Beware World Cup scams

World Cup

Football fans are being targeted by a number of scams in the run-up to the World Cup in South Africa this summer, with cons ranging from fake offers of tickets and accommodation to cyber criminals attempting to steal bank details.

So what should fans travelling to the tournament or watching games at home look out for?


The Southern African Fraud Prevention Service (SAFPS) says it is receiving an increasing number of complaints from overseas people who have booked accommodation in South Africa only to find that after the deposit has been paid, the accommodation owner disappears, together with the deposit.

Pat Cunningham, executive director of SAFPS, says although the accommodation advance-fee fraud is fairly common, there has been a marked increase in complaints and reports from people abroad who have used public websites offering accommodation, only to find that their deposit disappears together with the fraudster.

“We have one particular individual who has used more than six different names and e-mail addresses to solicit advance-fee deposits, and the same photograph of a property in Camps Bay Cape Town has been used on each occasion,” he says.

To be on the safe side, use an accredited travel agency or website to book accommodation.


Tickets to World Cup matches are only sold by FIFA, or as part of a travel package sold by a FIFA-approved travel company. These are BAC Sport, Thomas Cook Sport, Emirates Tours, Keith Prowse and Thomson Sport/Sportsworld.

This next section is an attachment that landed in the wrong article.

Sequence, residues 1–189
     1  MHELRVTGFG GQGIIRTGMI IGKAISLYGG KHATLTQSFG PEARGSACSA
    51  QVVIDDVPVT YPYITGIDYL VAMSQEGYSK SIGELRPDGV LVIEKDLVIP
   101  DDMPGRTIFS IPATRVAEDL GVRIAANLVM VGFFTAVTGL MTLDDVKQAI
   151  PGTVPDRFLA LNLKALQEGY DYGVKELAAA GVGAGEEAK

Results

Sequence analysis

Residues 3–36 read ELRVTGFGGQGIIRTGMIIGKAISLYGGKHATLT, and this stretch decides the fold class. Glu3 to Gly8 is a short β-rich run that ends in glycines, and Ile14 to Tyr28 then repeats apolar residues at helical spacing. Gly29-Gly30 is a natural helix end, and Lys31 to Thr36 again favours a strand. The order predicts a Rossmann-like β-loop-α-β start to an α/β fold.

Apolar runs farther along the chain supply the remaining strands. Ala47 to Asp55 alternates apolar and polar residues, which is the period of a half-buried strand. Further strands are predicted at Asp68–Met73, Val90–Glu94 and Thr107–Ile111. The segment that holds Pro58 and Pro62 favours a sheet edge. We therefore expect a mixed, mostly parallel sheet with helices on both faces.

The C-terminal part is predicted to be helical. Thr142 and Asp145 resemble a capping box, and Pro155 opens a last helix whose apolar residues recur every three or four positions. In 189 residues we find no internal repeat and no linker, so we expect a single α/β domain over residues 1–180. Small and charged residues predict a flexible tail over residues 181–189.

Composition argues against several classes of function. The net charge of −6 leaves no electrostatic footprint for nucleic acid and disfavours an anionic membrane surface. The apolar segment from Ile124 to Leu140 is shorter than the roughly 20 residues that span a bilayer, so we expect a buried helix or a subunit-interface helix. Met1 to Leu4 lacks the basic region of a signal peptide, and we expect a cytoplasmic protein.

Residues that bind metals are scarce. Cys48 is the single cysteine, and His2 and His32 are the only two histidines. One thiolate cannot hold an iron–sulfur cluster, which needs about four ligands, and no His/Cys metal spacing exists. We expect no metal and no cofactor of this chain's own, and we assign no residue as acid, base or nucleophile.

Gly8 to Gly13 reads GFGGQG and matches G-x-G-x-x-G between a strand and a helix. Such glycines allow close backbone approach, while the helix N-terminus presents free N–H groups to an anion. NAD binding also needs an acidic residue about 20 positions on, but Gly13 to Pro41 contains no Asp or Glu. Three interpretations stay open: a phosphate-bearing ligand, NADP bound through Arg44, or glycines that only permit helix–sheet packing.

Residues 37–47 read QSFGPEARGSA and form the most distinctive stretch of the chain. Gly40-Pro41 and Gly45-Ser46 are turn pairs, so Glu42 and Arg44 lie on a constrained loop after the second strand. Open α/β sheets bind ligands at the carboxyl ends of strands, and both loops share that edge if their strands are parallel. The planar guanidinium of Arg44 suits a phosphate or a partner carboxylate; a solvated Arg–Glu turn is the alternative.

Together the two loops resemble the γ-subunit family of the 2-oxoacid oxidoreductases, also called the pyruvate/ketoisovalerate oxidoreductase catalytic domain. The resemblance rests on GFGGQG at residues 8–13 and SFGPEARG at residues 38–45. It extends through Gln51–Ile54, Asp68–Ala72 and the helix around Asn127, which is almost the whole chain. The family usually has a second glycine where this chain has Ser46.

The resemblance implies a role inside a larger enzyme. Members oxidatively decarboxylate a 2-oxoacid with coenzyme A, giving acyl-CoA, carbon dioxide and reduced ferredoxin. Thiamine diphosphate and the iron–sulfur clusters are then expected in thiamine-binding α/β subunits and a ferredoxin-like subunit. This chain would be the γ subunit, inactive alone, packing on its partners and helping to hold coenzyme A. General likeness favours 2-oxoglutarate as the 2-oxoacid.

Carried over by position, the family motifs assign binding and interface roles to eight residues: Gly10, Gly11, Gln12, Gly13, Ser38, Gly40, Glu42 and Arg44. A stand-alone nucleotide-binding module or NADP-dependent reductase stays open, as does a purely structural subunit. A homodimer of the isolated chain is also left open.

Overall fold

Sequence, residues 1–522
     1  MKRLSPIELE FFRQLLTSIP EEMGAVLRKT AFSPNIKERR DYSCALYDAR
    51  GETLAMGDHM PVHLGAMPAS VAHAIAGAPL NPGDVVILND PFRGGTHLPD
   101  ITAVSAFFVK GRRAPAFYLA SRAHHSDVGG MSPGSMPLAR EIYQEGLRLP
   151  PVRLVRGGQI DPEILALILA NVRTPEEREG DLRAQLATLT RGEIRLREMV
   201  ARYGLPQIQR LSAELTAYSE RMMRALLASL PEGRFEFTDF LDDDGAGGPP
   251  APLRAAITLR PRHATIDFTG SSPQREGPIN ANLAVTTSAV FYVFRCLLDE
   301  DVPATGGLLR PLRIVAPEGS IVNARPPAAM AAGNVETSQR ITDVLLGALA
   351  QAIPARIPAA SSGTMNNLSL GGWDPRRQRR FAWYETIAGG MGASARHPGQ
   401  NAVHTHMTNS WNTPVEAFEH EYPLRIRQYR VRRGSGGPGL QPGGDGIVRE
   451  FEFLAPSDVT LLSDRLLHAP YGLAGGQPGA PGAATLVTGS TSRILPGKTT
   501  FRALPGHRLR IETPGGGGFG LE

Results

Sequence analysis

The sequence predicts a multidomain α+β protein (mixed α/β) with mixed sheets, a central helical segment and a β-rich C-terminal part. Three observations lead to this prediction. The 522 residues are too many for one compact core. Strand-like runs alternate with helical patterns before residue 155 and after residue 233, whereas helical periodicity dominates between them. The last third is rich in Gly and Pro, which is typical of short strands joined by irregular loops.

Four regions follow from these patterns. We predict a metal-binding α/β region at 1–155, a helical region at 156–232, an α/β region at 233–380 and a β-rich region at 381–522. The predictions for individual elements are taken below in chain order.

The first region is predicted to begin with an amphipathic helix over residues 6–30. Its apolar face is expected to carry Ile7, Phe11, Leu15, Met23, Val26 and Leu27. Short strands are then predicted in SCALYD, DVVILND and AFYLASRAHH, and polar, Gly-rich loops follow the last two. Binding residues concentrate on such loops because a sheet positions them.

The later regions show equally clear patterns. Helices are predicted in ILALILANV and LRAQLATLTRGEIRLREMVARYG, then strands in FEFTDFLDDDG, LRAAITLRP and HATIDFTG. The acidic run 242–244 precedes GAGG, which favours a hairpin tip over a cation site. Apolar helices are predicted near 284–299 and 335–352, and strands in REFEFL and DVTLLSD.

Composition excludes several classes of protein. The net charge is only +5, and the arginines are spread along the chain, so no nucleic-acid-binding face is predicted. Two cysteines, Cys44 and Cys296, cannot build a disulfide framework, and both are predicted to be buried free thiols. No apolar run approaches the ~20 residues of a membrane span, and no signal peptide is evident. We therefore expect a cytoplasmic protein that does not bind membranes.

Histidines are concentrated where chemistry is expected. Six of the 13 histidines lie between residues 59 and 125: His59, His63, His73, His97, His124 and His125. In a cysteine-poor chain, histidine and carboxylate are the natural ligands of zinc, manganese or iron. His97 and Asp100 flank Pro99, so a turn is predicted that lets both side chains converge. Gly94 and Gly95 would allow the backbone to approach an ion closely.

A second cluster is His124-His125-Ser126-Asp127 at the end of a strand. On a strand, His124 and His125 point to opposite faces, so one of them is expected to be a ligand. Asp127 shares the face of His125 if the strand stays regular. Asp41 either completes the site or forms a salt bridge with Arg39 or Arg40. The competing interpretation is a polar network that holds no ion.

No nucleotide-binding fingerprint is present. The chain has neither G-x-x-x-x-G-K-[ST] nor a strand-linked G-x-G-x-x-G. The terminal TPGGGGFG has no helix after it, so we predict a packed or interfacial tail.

FIFA has warned fans about email scams and internet hoaxes which either:

* Falsely claim to be part of a FIFA lottery, prize draw or competition,
* Ask for additional payment to guarantee tickets that you have “won”
* Ask for your personal information to secure tickets

Fans should also be wary of tickets for sale on the internet on sites such as Gumtree or eBay. Many of the tickets are either fake or invalid. Generally, tickets are only issued a few weeks before the match takes place so be wary of any sellers that claim to have tickets in their possession already.

Emails and websites

Internet security firm Symantec has intercepted millions of phishing emails and uncovered hundreds of fake websites aimed at fans keen to get their hands on tickets to the matches in South Africa or to watch games online.

It has even discovered a ‘botnet’ - which is an illicit network of computers hijacked by fraudsters to send out spam emails - concentrating on World Cup scams.

The emails contain links that when clicked download malicious software – or spyware – onto the recipient’s computer which then steals personal information such as bank details and passwords.

Symantec has set up a website specifically to warn football fans about the latest World Cup cyber scams.

To avoid being a victim of cyber criminals, be very wary about clicking on links in emails from senders you don’t recognise.

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